Mario's Reviews > Utilitarianism

Utilitarianism by John Stuart Mill
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Aug 07, 12

bookshelves: nonfiction, philosophy, justice
Read from August 03 to 08, 2012 — I own a copy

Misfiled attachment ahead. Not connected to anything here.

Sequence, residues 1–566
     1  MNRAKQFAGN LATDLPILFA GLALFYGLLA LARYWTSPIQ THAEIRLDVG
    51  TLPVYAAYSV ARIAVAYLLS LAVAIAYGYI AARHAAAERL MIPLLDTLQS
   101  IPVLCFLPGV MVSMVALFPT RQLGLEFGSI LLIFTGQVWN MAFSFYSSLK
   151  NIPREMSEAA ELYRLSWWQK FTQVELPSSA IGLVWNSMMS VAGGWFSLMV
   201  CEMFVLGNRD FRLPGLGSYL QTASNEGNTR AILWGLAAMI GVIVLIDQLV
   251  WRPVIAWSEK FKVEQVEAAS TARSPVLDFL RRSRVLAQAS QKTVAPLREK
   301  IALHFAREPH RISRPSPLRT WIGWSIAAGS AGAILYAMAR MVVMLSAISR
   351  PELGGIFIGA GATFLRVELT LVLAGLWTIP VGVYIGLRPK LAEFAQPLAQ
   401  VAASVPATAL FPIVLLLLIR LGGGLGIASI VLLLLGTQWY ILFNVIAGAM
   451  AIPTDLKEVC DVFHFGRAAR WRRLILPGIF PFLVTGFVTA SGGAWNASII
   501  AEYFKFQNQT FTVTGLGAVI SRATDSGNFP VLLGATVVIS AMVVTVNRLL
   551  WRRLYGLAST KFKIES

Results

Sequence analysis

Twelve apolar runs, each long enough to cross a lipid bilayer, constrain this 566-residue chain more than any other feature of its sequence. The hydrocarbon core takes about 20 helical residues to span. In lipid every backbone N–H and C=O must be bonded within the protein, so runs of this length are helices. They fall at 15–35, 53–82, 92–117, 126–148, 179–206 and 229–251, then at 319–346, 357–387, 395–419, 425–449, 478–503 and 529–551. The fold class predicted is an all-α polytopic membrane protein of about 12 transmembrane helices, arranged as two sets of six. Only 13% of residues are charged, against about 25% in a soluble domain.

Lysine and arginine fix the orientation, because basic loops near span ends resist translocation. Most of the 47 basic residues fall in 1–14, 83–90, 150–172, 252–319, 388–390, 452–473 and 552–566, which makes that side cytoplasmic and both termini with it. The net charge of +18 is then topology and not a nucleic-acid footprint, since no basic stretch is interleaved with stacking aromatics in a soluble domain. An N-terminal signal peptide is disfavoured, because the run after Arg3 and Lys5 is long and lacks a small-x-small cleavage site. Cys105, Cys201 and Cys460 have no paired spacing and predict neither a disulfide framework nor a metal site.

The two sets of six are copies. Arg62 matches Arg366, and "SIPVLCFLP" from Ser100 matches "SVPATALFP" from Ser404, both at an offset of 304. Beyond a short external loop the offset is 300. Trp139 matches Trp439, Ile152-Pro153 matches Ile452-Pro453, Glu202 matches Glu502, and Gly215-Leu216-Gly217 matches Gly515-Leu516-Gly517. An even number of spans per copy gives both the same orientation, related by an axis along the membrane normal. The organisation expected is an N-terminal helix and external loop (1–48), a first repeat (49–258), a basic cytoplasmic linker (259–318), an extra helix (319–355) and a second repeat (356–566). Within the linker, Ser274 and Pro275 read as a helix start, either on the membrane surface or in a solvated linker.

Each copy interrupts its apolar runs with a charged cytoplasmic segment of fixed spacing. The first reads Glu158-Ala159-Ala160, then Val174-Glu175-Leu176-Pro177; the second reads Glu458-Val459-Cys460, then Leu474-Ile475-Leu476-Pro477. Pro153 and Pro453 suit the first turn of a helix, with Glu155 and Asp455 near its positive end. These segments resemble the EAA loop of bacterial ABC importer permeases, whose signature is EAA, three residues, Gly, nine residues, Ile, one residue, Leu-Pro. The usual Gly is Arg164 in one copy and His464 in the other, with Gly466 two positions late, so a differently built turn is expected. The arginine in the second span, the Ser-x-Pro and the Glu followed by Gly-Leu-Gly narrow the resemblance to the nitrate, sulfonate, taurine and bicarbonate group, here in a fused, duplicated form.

This is about as dry as a box of century-old Saltines, but it does contain interesting ideas, if poorly and inelegantly expressed. I think Mill's basic stumbling block is in the transition between the rights and morals of an individual and the good of a society. He tries multiple times to make the connection, but he never manages to pull it off seamlessly. I got the feeling that even he didn't actually believe in the idea he was expressing on that point, only that the transition was necessary for the principle, and he was wedded to the principle. In a way, it's almost like the entire philosophy suffers from the fallacy of composition, or maybe a moral version of Arrow's Impossibility Theorem -- you cannot simultaneously create a moral system that satisfies the rights of individuals separately and the community as a whole. Utilitarianism, as Mill describes it, is only triumphant so long as he is not compelled to take into account any other maxims of justice than the one he has selected, or so it seems to me.
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